Which of these 4 actions doesn't fit in?
A) Driving a car
B) Ironing a shirt
C) Interacting with a computer
D) Cooking a dinner
A, B and D are actions we do in 3D in our 360 degree environment we live in. C however we do in 2D in small screens, like our smartphone.
Yes, I know, VR and AR are up and coming. That's what this page is about. In the next few years we will go from a 2D/small screen computer-interaction to a 3D/360 degree immersive one. And it's about damn time, cause we haven't been using computers intuitively at all.
I've been designing digital products for over ten years now. I designed responsive and adaptive websites, mobile websites, mobile apps, webtools and since recently also AI related web projects.
But I cant' help to think what a shame it is to be designing for these temporary 2D small screens we all now use on daily base.
Of course, everyone has a smartphone. So we have to and it still makes sense. But using a small device with a 2D environment doesn't.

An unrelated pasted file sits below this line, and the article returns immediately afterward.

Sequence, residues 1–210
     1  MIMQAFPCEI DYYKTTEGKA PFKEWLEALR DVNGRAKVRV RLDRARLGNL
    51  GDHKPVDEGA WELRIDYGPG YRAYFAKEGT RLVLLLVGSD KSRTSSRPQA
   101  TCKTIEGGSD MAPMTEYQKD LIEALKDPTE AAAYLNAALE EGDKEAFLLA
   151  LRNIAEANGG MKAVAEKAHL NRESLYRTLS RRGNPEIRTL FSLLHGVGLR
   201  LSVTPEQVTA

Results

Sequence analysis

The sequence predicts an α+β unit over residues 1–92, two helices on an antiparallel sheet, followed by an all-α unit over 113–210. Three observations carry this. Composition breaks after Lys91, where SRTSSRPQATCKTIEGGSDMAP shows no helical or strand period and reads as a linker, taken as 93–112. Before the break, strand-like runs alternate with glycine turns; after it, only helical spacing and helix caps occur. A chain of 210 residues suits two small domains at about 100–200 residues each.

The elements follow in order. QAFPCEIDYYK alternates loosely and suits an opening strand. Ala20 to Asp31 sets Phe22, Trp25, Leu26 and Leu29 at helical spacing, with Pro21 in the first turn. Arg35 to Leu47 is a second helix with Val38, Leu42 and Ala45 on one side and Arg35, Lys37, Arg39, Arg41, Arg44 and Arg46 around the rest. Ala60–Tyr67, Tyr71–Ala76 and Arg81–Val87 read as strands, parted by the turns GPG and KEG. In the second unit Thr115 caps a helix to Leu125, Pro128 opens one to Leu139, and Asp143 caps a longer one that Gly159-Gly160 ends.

So computer-interaction will be 3D / 360 degree in a couple of years. I simply just can't wait designing for a more intuitive user experience. One in which you will use your hands in the space around you.
So I started this side project in which I'm exploring the possibilities. I just take current apps we use on our smartphone, and translate them into 3D/360. And on this page I will collect all the ideas and designs.
Is it like Minority Report irl?
Yes, it's exactly like Minority Report, but then in real life with real apps people use.
#01 A Camera app
Imagine you’re wearing AR glasses (or lenses) and you click on the 3D camera app on your smartphone (or you use audio interface to open it). A 360 degree interface would appear.
Look at all the space we have for all the different features! The space of the interface is huge and you can use your hands to click for the perfect settings in order to take the perfect shot.
So you're in New York taking the Staten Island ferry, you've just visited the Statue of Liberty and on your way back you want the perfect photo of the beautiful skyline of Manhattan. In this case you want this skyline sharp, so you click on one of the skyscrapers, like the One World Observatory. You can actually click on the buildings themselves right in front of you to make them sharp in the photo.
If you're done with all the settings click the big round button or say 'snap' and your perfect photo is captured. Just two actions in the air: 1) 'clicking' the building, and 2) saying 'snap' or 'take photo'.
More exploring Mixed Reality UX cases will follow soon!